Against a backdrop of falling pump prices, the chancellor has said that fuel duty will continue to be frozen.
Making the announcement in today’s Autumn Statement, George Osborne’s decision not to increase fuel duty has been welcomed by the fleet industry.
David Bizley, chief engineer at the RAC, said: “The negative impact of fuel duty on economic growth is now acknowledged by the Treasury.
“With fuel duty already frozen until May 2015, we had feared an early return to the fuel duty escalator system – a deeply unpopular practice which led to a series of fuel duty hikes – but, for now, it appears that is not going to be the case.
“While we are currently enjoying low pump prices as a result of the lower world oil price this may change quickly, and it will be reassuring to fleet managers that the taxation scheme is not about to change.”
However, some think the chancellor has missed a trick in not cutting fuel duty rather than just keeping it frozen.
Andrew Hogsden, senior manager with Strategic Fleet Consultancy at Lex Autolease, said: “British businesses are burdened with some of the highest fuel prices in Europe.
“Reducing fuel duty would provide them with an immediate cashflow boost as they look to capitalise on the opportunities presented by the recovering economy.
“Unfortunately the Government’s decision not to reduce fuel duty means they remain saddled with this costly overhead.”
Hogsden disappointment was shared by the Road Haulage Association (RHA), which was hoping for a 3p per litre cut in fuel duty.
RHA chief executive Richard Burnett said: “A 3p per litre cut in duty would have gone some way to levelling the playing field between the UK and the rest of Europe.
“Today’s freeze means that as a result of today’s low oil price, fuel duty now accounts for nearly 70% of the price of a litre of fuel.”
Hogsden was also disappointed that the chancellor did not address plug-in-grants and electric vehicles.
“The financial incentive of a plug in grant has made electric vehicles more affordable for businesses and motorists in general,” he said.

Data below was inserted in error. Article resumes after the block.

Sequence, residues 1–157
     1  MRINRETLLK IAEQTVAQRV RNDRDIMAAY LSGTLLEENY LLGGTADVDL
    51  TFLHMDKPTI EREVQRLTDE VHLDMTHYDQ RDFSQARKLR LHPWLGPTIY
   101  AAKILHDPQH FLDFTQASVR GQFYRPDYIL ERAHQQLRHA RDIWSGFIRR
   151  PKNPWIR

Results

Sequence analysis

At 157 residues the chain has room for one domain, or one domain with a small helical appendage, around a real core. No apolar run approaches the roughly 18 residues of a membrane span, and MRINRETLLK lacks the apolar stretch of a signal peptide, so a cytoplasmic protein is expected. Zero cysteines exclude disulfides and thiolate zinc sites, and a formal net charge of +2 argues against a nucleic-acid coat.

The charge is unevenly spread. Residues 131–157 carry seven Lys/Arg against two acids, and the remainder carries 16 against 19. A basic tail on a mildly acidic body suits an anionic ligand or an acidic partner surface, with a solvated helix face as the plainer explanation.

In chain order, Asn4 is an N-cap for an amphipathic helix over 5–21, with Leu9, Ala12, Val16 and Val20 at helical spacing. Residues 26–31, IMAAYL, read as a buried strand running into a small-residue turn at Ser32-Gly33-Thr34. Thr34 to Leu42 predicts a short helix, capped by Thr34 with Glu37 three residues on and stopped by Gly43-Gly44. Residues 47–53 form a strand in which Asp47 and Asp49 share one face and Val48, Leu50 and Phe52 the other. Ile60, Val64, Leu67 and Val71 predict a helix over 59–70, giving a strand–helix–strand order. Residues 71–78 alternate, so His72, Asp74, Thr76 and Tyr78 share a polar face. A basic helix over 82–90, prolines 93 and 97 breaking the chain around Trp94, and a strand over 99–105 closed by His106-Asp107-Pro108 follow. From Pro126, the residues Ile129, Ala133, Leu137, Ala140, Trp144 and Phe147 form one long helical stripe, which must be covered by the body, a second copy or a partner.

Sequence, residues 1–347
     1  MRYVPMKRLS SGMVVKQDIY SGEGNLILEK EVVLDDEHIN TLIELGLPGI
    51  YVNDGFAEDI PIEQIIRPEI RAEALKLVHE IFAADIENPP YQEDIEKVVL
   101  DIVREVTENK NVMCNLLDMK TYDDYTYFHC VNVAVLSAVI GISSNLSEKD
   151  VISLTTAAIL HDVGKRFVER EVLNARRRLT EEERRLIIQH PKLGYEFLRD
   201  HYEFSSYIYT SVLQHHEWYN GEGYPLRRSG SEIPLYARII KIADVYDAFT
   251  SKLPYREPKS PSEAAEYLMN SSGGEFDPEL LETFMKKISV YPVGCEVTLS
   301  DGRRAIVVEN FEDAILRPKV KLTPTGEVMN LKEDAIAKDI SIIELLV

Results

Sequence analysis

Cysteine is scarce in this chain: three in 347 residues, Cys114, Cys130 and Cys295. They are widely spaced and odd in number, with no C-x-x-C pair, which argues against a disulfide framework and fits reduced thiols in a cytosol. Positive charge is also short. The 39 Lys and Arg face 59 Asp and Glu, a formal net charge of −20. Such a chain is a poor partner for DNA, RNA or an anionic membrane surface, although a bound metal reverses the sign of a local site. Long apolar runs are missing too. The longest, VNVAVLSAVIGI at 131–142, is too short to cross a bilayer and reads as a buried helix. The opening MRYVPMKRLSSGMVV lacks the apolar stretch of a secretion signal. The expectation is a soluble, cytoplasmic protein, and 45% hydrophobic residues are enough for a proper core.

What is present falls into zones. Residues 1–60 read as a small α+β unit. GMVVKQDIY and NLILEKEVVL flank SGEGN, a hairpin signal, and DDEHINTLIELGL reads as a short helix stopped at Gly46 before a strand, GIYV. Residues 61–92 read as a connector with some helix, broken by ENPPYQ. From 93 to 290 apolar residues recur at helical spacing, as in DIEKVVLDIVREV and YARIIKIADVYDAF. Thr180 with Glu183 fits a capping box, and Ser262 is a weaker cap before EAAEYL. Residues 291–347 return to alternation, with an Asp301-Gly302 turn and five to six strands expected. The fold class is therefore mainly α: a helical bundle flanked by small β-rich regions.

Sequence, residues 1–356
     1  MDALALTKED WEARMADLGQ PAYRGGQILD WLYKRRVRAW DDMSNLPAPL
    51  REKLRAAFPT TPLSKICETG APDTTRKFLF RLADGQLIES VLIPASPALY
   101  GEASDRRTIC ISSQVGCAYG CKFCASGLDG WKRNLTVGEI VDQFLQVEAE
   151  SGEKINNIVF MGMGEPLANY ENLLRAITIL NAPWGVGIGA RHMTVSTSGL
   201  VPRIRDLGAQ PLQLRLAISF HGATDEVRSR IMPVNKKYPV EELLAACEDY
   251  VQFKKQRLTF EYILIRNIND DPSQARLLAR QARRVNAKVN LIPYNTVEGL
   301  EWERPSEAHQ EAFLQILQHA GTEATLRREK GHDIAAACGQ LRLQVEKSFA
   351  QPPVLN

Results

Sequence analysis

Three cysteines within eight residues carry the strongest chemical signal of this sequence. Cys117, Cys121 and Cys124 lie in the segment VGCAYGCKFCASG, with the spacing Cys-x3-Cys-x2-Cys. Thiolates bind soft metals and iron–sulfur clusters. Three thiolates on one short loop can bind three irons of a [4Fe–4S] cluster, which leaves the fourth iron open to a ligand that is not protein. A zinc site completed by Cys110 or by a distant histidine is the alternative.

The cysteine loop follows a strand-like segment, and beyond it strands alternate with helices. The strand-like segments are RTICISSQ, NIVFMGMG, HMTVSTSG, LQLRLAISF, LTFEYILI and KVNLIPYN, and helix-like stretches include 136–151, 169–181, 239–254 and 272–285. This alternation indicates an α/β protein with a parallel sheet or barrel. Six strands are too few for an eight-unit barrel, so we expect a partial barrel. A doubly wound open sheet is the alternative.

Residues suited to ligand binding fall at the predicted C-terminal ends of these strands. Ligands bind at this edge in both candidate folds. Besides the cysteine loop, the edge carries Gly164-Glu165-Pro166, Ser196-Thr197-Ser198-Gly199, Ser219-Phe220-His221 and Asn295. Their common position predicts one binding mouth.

“Rather than remove this grant in 2017 or when vehicle sales reach 50,000, we would have preferred to see a phased reduction to ensure the fledgling electric vehicle industry is not damaged by a sudden drop in sales.”
He also highlighted how the lack of clarity around mileage reimbursement rates for electric vehicles is a barrier to more businesses adopting this technology.
“Whether it’s a company car or a private car used for work purposes, companies need clarity and certainty regarding the costs incurred in running electric vehicles and HMRC’s treatment of those costs,” he said.
Osborne had already revealed some of the major announcements from today’s speech, including a £15 billion roads plan.
Simon Elliott, managing director of MAN Truck & Bus UK, welcomed Osborne’s infrastructure investment. He said: “The UK’s priority must be to invest in improved roads and inter-city links. We are pleased that Mr Osborne recognises this and we look forward to seeing how his proposals are rolled out.”
Elsewhere in the statement, it confirmed that from April 2015 the Government will provide a statutory exemption for trivial benefits in kind costing less than £50.
From April 2016, the Government will also remove the £8,500 threshold below which employees do not pay Income Tax on certain benefits in kind and replace it with new exemptions for carers and for ministers of religion.
It will also exempt certain reimbursed expenses and introduce a statutory framework for voluntary payrolling. The new exemption for reimbursed expenses will not be available if used in conjunction with salary sacrifice.
The Government will stop tax relief from being claimed on reimbursed business expenses when they are paid in conjunction with a salary sacrifice scheme.
Simon Oliphant, chief executive of Hitachi Capital Vehicle Solutions, concluded: “Today’s Autumn Statement focused on the future; maintaining economic recovery, in turn reducing the deficit and addressing the balance of power between the North and South of the country.
“Hitachi Capital Vehicle Solutions is pleased to hear an Autumn Statement that shows support for SMEs and to the infrastructure required for the country to prosper for generations to come.
“If the Government is to succeed in building a ‘Northern powerhouse’ and balancing power, they rightly need to invest in a network that supports this and continued growth.
“Road and rail are fundamental elements for the mobilisation of business and form key parts of the attraction for investment in the UK from overseas.”